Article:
business could also refrain from selling or exchanging their goods and
services. Contracts could outline the terms, conditions, obligations,
responsibilities, prices, and payment schedules for any agreements to
join a group or trade goods and services.
Nor does the exchange of products and services in any territory
inevitably require a monetary monopoly, especially a systemically scarce
currency that is created as interest-bearing debt. Alternative methods
and media of exchange can already be used, including barter, local
trading systems, community currencies, commodity money, cryptocurrencies,
and mutual credit clearing. Presumably, it would be preferable to
control the allocation of our own credit and be able to accept or refuse
any form of payment.
Money is a human invention, and we are an inventive species. There are
benefits to be obtained from trading with one another, and we can design
new ways to facilitate the trade of our goods and services. Different
exchange systems or currencies can operate concurrently. We can also
create new products and services, and various producers and providers
can do business in any locality.
We are also a social species, because it is generally advantageous to be
part of a group. Numerous groups can live side by side in any
geographical area without insisting on exclusive use and control of
entire territories, and without aggressively obtaining and maintaining
dominion over whole regions.
Moreover, we are a fairly adaptable species. We are capable of learning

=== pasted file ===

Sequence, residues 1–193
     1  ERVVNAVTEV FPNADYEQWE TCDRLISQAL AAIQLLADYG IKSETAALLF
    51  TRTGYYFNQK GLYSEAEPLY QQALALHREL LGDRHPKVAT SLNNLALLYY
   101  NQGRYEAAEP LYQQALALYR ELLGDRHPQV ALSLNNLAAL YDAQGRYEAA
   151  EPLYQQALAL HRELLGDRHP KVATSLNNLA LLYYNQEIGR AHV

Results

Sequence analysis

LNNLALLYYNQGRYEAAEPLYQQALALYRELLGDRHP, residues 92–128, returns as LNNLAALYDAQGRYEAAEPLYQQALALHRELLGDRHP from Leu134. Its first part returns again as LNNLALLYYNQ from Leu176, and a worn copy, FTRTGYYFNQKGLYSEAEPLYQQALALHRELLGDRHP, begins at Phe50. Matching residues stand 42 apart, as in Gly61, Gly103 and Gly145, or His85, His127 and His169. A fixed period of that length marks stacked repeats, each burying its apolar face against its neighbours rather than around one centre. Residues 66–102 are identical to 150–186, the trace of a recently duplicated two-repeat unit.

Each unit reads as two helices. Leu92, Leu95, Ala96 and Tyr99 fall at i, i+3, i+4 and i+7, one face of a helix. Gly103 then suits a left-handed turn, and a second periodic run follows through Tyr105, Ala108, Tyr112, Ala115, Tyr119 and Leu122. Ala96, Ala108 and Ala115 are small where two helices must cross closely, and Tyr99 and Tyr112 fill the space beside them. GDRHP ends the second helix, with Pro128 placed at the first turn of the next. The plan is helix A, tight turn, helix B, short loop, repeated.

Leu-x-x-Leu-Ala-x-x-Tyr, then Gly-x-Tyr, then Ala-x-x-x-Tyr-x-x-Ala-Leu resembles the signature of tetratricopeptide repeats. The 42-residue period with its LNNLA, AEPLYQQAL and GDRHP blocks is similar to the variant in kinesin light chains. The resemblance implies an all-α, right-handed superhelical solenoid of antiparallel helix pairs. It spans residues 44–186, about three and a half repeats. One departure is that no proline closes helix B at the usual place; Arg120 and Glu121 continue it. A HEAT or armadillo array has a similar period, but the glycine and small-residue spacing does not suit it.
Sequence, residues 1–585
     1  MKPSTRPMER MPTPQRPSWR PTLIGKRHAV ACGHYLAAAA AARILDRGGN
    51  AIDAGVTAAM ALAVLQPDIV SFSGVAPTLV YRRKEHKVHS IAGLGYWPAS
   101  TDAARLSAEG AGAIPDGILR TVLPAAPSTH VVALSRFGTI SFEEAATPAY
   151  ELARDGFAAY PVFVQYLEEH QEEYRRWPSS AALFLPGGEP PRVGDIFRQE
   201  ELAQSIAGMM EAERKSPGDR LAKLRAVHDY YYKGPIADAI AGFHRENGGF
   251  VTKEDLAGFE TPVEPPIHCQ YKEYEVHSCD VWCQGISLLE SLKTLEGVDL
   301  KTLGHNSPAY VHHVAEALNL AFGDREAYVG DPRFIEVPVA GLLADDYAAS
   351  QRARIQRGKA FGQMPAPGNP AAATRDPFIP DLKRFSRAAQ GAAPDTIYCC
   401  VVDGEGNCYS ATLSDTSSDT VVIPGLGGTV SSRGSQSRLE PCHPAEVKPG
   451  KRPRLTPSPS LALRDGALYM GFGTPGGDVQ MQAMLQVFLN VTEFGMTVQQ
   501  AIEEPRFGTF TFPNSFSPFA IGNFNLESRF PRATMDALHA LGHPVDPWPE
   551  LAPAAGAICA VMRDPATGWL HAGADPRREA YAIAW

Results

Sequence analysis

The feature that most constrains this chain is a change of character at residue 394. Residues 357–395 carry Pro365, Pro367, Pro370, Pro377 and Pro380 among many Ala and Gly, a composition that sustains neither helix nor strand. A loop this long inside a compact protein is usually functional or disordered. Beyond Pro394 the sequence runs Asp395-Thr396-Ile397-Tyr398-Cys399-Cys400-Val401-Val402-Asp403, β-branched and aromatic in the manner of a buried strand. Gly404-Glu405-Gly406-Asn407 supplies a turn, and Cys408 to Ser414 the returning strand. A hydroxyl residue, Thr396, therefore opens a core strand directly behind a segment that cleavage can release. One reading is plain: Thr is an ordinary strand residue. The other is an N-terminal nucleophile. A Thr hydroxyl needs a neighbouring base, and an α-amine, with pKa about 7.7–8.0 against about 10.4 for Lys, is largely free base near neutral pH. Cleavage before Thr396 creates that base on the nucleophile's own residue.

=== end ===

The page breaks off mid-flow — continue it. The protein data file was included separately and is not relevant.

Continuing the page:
new patterns of thought and new behaviours. Territoriality might be a
learned strategy or habit rather than an instinct, and we could decide
to use an intergroup strategy that does not insist upon territorial
monopolies or restrictive territorial control, especially if the costs
of exclusive territoriality outweigh the benefits.
Decisions about group affiliation and the exchange or distribution of
goods and services can be made without imposing one’s preferences on
anyone else, without forcing anyone to move or preventing anyone from
moving to another location, and without any coercive monopolies,
compulsory production, mandatory membership, or imposed political and
monetary systems. Larger groups and organized communities, including
nations, do not inevitably need to claim exclusive territorial
sovereignty and jurisdiction, and our political and economic choices do
not necessarily require consensus or majority rule. Restrictive
geopolitical borders do not exist with everyone’s consent, and exclusive
territorial control is not necessarily a mutually beneficial strategy.
The way we organize into groups and the way we produce and exchange
goods and services has changed over time and will most likely continue
to change. The direction of this transformation will presumably be
determined by the way we think and the choices we make, choices which
are based on some measure of costs and benefits. Numerous producers of
goods and providers of services can operate concurrently, using various
exchange systems or currencies, without any coercive territorial
monopolies. Diverse communities can also coexist in any geographic area
for the mutual benefit of all voluntary participants at their own risk
and expense, without claiming exclusive territorial control.
First written appearance of the
word 'liberty,' circa 2300 B.C.
Le Québécois Libre
Promoting individual liberty, free markets and voluntary
cooperation since 1998.